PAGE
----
Fever persisted for the second day. Ryan has got used to taking the medication through the IV needles in his hand but stuffing the Volteron into his butt was still a battle every time.
I've some time to do some research on kawasaki disease and found out more about it.. Apparently, this disease is most common among Japanese and Koreans (hence the name) and affects children between the age of 1 to 5 years old. They have yet to discover the cause nor vaccination for it. There are some common telltale signs like persistent high fever exceeding 39 degrees, rashes, swollen hands and feet, lymph nodes, strawberry tongue (all of which Ryan had), red eyes, skin peeling off hands and genitals and ultimately swollen heart arteries.. If left untreated, it could be fatal or if treated too late, could lead to unrecovarable damages to the heart.. http://kidshealth.org/parent/medical/heart/kawasaki.html
That was the reason that a heart specialist has to perform an echo test on his heart to check if there are any abnormalities. On the second day, the rashes has not subsided, the tummy ache persisted with very smelly loose white stools.
The heart specialist finally came on the second day afternoon. The sight of the big machine scare the hell out of him and he was screaming and yelling away as we forced him down on the bed to do the echo Test. Because he was crying so much and so loud the test took extra long. There was nothing we could do to calm him to a point where both Cat and I have to walk away so that the nurses, doctor and a good friend who happened to be around could try calming him down. He was so scared that he even asked to doctor to hold him! Poor boy. It was such a heart wrenching experience.
The test was negative which was a good sign. But then what is the problem now if it is not Kawasaki.
The doctor took a look at his blood test and got a shock. Apparently, there was an index to test bacteria infection, was 3 times higher than normal. It showed 630 when the normal reading would have been 150. He said that in his 20 years career, he has not seen anything higher than 400! We were getting worried but he assured us that there is nothing to worry about. He would consult with Dato Dr Musa on the next course of action.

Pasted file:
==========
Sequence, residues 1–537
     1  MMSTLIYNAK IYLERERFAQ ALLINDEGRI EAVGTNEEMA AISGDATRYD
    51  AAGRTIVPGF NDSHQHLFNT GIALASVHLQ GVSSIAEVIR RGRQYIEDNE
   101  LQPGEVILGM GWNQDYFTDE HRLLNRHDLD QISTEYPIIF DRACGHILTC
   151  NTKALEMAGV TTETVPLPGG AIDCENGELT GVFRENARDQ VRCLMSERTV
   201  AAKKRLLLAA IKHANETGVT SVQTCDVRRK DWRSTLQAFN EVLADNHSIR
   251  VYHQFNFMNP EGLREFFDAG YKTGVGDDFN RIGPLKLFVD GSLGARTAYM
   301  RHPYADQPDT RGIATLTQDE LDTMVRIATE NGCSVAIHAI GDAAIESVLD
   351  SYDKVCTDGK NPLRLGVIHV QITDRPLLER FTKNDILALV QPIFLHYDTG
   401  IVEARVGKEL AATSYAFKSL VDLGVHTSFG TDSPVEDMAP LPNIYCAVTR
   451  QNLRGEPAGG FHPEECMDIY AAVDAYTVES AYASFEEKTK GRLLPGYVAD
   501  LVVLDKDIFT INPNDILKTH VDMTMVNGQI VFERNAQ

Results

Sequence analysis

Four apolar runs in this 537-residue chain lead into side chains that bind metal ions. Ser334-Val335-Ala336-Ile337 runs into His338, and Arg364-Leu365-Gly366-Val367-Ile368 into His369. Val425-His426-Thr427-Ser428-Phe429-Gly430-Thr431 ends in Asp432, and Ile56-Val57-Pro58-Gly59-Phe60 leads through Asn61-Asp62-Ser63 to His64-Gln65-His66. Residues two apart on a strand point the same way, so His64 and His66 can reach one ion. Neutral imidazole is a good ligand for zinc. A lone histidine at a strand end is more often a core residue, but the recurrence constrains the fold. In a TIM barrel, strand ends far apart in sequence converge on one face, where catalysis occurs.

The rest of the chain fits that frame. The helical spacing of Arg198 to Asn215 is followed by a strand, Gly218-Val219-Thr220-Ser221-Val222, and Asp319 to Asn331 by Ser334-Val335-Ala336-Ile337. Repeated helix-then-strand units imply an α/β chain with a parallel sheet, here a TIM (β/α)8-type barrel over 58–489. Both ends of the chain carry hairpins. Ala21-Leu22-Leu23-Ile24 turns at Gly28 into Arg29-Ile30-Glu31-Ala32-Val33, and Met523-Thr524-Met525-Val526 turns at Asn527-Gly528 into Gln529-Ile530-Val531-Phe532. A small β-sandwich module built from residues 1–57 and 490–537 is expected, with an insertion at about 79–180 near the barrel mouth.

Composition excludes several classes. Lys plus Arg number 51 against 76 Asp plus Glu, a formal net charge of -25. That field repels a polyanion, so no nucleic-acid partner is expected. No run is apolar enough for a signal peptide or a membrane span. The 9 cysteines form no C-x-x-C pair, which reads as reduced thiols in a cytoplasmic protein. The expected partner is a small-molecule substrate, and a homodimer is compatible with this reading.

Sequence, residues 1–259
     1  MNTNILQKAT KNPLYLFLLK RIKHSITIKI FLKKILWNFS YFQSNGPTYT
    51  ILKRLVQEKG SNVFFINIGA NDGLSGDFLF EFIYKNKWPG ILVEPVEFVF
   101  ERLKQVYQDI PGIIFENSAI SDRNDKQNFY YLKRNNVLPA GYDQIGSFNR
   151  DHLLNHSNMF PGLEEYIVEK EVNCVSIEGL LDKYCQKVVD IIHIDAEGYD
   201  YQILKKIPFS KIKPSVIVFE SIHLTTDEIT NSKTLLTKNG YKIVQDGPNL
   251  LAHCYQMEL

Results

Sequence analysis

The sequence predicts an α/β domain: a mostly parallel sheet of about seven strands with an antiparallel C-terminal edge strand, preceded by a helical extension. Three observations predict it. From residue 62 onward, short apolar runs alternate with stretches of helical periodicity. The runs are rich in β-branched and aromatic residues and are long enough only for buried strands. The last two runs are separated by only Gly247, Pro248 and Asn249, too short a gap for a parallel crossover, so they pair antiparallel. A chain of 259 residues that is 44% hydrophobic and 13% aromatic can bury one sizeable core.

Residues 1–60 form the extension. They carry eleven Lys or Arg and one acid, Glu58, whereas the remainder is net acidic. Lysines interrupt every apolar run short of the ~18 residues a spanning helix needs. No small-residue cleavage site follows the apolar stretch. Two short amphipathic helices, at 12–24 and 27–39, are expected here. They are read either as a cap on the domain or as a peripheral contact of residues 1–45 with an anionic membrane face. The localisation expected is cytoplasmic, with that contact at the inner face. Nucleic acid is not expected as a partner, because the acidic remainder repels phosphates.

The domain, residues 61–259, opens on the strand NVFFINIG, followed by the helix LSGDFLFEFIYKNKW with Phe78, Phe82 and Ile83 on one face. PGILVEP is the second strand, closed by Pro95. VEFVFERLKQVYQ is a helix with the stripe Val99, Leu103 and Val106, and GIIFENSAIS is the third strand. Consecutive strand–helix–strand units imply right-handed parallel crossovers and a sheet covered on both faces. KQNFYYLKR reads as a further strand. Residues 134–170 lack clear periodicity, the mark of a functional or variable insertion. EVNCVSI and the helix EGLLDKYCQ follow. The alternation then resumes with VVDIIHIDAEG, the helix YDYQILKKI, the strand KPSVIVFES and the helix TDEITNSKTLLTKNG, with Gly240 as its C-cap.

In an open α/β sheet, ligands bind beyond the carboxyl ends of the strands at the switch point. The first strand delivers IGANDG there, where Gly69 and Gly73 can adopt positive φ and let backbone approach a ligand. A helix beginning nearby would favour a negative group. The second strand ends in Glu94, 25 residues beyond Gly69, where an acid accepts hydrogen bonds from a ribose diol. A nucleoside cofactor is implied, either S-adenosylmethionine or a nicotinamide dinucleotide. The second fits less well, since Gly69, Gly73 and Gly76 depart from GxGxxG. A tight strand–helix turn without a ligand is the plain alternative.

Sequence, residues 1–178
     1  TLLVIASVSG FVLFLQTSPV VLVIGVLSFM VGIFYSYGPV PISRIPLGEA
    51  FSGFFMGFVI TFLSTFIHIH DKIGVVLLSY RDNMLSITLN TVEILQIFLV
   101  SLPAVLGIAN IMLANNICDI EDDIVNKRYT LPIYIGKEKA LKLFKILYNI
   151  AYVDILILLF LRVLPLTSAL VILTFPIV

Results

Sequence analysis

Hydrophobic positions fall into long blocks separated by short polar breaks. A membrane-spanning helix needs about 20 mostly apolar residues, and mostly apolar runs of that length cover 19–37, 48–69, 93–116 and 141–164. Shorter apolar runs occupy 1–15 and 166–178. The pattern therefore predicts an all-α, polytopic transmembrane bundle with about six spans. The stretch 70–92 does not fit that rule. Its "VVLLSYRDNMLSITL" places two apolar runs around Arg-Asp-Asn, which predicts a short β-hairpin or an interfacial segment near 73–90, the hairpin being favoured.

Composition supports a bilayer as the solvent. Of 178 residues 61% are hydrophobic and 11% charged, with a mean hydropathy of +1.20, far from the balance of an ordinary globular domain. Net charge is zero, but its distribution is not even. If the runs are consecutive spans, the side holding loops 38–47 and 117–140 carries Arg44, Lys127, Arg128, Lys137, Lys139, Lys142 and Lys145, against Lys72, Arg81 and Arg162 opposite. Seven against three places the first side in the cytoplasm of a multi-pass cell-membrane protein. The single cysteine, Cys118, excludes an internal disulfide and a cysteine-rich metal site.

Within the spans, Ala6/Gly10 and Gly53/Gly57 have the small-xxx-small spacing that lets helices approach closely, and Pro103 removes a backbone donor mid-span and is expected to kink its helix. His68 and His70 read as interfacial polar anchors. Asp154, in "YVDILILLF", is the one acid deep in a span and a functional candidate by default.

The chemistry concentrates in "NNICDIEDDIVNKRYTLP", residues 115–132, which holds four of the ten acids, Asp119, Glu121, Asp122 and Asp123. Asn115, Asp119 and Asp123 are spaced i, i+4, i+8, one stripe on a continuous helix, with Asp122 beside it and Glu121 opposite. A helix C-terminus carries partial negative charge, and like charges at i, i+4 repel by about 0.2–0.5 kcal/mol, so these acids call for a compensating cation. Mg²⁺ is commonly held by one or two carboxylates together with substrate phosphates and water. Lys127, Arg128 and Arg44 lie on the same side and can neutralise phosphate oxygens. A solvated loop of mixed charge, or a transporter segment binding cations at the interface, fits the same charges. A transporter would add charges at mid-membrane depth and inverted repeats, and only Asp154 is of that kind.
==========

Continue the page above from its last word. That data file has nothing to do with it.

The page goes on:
Later that evening, Dr Musa came and said that although they are not discounting Kawasaki yet, they are looking into any possibility of blood infection. They found high concentration of Streptococcus bacteria in his blood.
Apparently this bacteria known as Group A Streptococcus (GAS) would normally affect the throat and skin and would normally cause mild illness such as strep throat or impetigo. However, under severe situation where the bacteria would find their way into places where they are normally not found like blood, lung and muscle where they could do serious damage and even life threatening. This is known as invasive GAS disease. It can so severe that it could destroy muscle tissues, hence also known as ''flesh eating bacteria'.
These bacteria are spread through direct contact with mucus from the nose or throat of persons who are infected or through contact with infected wounds or sores on the skin. Ill persons, such as those who have strep throat or skin infections, are most likely to spread the infection. Persons who carry the bacteria but have no symptoms are much less contagious. Treating an infected person with an antibiotic for 24 hours or longer generally eliminates their ability to spread the bacteria. However, it is important to complete the entire course of antibiotics as prescribed. It is not likely that household items like plates, cups, or toys spread these bacteria.
Ryan is unfortunate to have contracted this in his blood.
I' m writing this in the hospital now on the fourth day. He has responded well to the antibiotic and fever has finally broke. The rashes has mostly disappeared and his tummy ache gone. He is back to his jumping hyper active self which is beginning to drive us up the wall! hahaha. He will still have his medication and they are still monitoring his progress. If everything goes well, we should be going home tomorrow.
For those who have supported us in your prayers and all your well wishes, we thank you. Will keep you updated on his progress.